Posted by Jean-Ann Kubler
The spirit of creative thought has taken a new form at the college: an interdisciplinary series of panel discussions.
A series of topical panels, collectively called "Intersections," began Nov. 2 with a discussion of religion in the Spa. The second panel, which focused on gender, took place Nov. 17 in Emerson auditorium.
Most panels include a combination of faculty, staff and students who are engaged in that installation's topic. Future panel topics will include class, sexuality, race and nation.
"The discussions aren't linear. The panelists speak for about 10 minutes each, discuss a related topic of concern and then encourage audience participation," said Winston Grady-Willis, an associate professor of American studies and director of intercultural studies at the college who organized the majority of the Intersections series.
The series is co-sponsored by the Committee on Intercultural and Global Understanding, the Bias Response Group and the Committee on Diversity Affairs
The goal of the series, according to Grady-Willis, is not only to spark conversations about each individual panel's topic, but also to encourage attendees to talk about the topics in relation to each other.
As an American studies professor, the Intersections topics relate strongly to Grady-Willis' discipline. "American studies is very interdisciplinary and most of the courses that are taught in the department deal with every single one of these issues, if not all of them," Grady-Willis said.
Other members of the American studies department have been involved in the formation of Intersections. Allison Dell Otto '12, an American studies and gender studies double major, and professor Beck Krefting, will serve on the sexuality panel in February.
Contributions to the Intersections panels are not limited to the American studies department. Director of Religious and Spiritual Life Rick Chrisman served on the religion panel along with Rabbi Linda Motzkin, a Jewish chaplain, Imam Ghengis Khan of Schenectady and Marla Segol, assistant professor of religion.
Future panelists will include professors from the English, religion, history, economics, management and business, Spanish, sociology and anthropology departments, staff from health promotions and admissions, and students from the junior and senior classes.
Audience participation is as much a part of the Intersections series as panelist contributions. During the religion discussion, panelists spoke for about 40 minutes, followed by an additional 40 minutes of questions and comments from the audience.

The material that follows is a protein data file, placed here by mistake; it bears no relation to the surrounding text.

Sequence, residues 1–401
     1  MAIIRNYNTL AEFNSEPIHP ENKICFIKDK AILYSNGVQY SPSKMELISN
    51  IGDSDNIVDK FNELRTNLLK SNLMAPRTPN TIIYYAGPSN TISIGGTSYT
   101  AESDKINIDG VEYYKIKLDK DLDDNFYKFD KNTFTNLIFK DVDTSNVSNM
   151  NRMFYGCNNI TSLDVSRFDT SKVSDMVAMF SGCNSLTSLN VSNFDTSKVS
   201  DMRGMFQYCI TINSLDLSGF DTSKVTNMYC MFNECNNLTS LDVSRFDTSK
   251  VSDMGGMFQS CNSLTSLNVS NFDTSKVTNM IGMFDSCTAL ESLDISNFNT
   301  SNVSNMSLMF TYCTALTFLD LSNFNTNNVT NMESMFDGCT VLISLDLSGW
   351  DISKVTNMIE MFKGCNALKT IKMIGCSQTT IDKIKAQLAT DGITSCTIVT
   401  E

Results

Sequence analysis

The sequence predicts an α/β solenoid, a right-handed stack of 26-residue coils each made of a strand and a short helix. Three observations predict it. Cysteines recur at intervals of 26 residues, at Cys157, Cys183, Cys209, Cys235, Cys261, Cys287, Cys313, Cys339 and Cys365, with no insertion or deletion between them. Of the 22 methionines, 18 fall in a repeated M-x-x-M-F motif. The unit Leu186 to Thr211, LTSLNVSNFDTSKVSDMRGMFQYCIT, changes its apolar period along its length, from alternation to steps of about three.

"The first panel took place on election night, right in the middle of midterms, and we still had about 55 people turn out and participate in a really engaged way," Grady-Willis said.
The panels encourage audience members to share their insights and personal anecdotes in relation to each topic. A first year student at the religion panel commented on her feelings of isolation as a practicing Muslim student that embraces a secular culture.
"It was a powerful moment," commented Grady-Willis, "And even more powerful and great a moment was afterwards when each of the spiritual leaders on the panel spent between five and 10 minutes talking with the student about resources and individuals she could contact on campus."
Discussions are not necessarily Skidmore-focused. Conversation about each issue may begin at the college level and then extend to national and global issues, depending on the preferences of the panelists and audience members.
"It's very much a group dialogue," Grady-Willis said.
Grady-Willis said he was impressed with the turnout at the religion panel, and the audience for the gender panel filled Emerson Auditorium.
"Even if audience turnout is not as high in the future, due to overscheduling or any other factors, I'll be satisfied as long as the panels produce substantive conversations and encourage the audience to connect the dots between the different topics," Grady-Willis said.
The next four panels will take place throughout the academic year, culminating with a capstone lecture presented by Cornel West of Princeton University in April.
While there are not currently any plans for Intersections beyond this year, Grady-Willis believes the capstone lecture might shed light on additional topics worthy of panel discussion.
"As an amputee, I'd like to see some discussion of ability and disability in the future," Grady-Willis said. Issues such as age and privilege are also potential topics for future panels.